IF you are of the older generation, then DDT will be a familiar sequence of letters.
It stands for Dichloro-diphenyl-trichloroethane.
When I was a kid my father had a small puffer bottle of the powder for domestic purposes – keeping booklice out of the pressed plant collection, killing the silverfish that ate his books and eliminating the carpet beetles that chewed our rug.
I still see that little eruption of powder when I open one of his old books.
No doubt it’s still working on the silverfish.
I haven’t seen a silverfish in Invercargill although, when I was at the museum, we had the silverfish award, presented for inglorious contributions to conservation such as the dropped vase, the rat in the wedding dress and the ink spilt on the ancient manuscript.
DDT is a very effective insecticide developed in the 1870s. It was used in the fight against lice, mosquitoes, locusts and tsetse flies which spread sleeping sickness.
In New Zealand, its use was mostly in fighting the agricultural pests grassgrub and porina caterpillars.
There are several species of each, ironically native.
We do have native plants and animals that have become pests where favourable habitats and plentiful food has led to a population boom.
There is a wood pigeon or kereru infestation in my plum trees.
One plum last season! One! It was a greengage.
The use of DDT increased hugely in the United States after the war.
The population of Naples was dusted and the typhus epidemic ended when the lice died.
It was the new wonder treatment for insect pests, although, even in those days, there was concern about its effects as it was known to kill off beehives and remove beneficial insects.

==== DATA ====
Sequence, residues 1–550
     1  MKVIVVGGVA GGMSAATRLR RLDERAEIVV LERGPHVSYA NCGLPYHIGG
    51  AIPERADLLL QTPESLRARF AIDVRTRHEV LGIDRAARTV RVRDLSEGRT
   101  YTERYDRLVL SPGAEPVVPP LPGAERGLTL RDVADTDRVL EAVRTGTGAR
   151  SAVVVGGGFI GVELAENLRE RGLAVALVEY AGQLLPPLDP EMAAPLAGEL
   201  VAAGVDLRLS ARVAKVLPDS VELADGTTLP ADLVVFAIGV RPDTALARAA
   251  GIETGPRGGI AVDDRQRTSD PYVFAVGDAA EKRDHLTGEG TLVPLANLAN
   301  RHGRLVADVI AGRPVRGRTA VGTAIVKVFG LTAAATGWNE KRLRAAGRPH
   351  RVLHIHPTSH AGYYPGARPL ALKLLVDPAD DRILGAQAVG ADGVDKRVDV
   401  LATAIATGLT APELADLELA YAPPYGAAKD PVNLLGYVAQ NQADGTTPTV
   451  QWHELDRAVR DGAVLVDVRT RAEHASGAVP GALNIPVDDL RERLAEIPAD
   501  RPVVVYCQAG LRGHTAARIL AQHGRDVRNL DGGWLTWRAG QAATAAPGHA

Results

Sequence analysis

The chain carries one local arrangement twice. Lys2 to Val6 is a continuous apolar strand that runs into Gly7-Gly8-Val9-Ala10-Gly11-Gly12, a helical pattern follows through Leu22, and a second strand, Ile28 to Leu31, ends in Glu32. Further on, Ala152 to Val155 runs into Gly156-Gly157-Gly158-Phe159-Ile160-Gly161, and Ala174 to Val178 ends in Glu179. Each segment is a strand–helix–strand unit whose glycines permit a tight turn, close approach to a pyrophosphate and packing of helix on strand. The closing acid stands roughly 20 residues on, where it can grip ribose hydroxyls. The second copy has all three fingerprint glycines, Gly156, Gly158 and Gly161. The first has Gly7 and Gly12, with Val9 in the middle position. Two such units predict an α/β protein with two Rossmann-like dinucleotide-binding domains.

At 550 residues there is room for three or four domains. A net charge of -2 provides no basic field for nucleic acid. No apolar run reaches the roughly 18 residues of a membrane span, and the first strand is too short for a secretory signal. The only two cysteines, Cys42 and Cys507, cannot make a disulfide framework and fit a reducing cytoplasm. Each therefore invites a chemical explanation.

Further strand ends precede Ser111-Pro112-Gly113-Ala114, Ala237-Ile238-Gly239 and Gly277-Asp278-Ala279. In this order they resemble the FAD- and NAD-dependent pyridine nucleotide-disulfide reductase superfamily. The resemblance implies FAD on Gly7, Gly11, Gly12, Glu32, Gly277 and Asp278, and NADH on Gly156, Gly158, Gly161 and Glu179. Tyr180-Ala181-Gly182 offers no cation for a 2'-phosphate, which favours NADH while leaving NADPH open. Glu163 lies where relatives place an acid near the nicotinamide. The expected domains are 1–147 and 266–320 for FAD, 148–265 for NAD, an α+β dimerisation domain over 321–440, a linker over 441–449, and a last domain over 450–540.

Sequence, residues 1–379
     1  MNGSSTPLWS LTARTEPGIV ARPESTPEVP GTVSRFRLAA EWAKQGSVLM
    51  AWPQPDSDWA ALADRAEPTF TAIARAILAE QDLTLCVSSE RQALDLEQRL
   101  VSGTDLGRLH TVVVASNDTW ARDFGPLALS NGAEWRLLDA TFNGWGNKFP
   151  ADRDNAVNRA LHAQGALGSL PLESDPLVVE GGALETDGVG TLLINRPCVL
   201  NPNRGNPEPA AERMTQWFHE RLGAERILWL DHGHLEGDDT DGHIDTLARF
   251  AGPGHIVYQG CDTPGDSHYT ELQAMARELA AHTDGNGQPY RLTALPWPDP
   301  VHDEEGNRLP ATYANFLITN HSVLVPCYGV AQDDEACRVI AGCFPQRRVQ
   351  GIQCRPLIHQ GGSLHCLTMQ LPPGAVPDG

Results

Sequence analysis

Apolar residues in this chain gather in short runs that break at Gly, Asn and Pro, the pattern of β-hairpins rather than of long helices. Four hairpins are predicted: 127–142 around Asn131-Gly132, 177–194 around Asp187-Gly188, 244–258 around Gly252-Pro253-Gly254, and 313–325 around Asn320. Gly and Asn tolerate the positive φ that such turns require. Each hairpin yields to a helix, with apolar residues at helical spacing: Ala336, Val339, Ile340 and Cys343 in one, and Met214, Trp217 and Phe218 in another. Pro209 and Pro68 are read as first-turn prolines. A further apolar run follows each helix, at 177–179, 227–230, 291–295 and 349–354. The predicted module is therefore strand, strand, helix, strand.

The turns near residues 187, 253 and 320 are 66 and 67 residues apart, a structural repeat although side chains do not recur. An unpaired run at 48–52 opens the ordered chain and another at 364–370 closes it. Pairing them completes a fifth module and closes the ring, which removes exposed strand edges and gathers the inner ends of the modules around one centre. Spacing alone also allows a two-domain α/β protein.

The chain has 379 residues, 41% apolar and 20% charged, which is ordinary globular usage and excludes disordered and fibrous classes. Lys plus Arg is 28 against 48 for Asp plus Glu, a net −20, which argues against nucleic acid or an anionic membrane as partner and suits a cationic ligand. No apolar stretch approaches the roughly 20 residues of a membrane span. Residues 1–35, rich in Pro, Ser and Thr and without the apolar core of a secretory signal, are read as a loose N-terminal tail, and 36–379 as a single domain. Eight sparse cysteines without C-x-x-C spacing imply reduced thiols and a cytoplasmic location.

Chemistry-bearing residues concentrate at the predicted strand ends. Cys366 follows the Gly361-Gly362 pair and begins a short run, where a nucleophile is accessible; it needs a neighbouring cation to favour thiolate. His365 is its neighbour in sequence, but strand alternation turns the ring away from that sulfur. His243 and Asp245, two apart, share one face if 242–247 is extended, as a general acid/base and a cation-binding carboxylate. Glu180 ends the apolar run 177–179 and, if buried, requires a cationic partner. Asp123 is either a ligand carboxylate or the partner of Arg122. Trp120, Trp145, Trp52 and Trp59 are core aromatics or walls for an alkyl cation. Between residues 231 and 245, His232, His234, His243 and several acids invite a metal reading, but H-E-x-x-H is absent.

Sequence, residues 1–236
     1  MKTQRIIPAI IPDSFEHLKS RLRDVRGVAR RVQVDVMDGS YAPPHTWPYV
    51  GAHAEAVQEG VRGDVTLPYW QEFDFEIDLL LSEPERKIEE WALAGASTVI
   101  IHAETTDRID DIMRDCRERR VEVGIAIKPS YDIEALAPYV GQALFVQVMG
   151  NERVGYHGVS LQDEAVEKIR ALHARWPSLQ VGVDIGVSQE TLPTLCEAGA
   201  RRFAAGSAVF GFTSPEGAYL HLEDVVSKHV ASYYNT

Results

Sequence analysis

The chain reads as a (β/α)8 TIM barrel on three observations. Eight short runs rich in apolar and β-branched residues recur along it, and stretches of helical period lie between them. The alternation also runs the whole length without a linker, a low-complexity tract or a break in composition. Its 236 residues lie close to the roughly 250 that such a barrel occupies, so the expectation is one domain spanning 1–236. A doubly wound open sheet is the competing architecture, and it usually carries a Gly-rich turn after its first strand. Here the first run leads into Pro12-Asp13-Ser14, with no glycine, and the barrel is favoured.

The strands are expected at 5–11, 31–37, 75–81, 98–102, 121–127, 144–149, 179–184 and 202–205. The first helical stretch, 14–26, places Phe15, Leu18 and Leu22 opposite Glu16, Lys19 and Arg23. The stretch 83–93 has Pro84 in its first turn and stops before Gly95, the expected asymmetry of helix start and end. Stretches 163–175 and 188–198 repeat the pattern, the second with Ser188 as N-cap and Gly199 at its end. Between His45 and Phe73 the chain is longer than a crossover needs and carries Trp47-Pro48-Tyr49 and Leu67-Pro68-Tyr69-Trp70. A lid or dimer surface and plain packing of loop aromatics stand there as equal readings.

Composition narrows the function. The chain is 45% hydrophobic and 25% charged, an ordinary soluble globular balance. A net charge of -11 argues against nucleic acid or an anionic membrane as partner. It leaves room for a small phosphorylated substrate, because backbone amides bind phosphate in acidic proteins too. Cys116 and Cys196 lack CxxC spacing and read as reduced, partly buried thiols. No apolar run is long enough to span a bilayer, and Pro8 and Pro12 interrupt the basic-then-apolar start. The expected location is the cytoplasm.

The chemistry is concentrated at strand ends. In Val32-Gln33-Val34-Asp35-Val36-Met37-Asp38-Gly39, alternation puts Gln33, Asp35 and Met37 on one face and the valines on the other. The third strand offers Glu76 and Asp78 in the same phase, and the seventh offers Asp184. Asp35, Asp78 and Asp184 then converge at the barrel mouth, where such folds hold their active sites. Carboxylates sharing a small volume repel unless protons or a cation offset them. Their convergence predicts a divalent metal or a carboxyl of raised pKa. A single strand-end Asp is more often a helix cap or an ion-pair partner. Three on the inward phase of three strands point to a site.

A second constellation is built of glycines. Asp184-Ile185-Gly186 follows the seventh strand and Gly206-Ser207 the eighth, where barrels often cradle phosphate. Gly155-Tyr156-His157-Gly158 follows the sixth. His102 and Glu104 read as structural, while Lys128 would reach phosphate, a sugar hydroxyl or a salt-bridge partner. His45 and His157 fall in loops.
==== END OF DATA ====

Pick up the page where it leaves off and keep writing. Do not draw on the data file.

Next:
The increasing evidence of a serious effect on the environment led Rachel Carson to publish her famous book, Silent Spring, in 1962.
The story she told was of a toxin that stayed in the food chain, accumulating in the top carnivores such as hawks, wolves and eagles, leading to sickness and death. Humans accumulated it as well.
The pesticide industry fought back, much as the tobacco industry had been doing, but the evidence was too great to ignore.
DDT was progressively abandoned throughout the world, with the US banning it in 1972, the UK in 1984 and New Zealand outlawing its use in 1988. The problem did not end there for two reasons.
Firstly, without an alternative to DDT, pest control programmes started to fail. Malaria and locust plagues returned.
The second problem was DDT was still in the food chain and the soil.
With a half-life of 2-15 years, it wasn’t going to vanish quickly.
The Mapua factory, where it had been made, closed in 1988 and there was a massive decontamination programme.
Throughout the country, including in Southland, unwanted stocks of DDT were dumped and, as erosion exposes these old dumpsites, there is concern the chemical will re-enter the environment.
Erosion of the coastal road to Colac Bay is an example of a potential DDT site reappearing.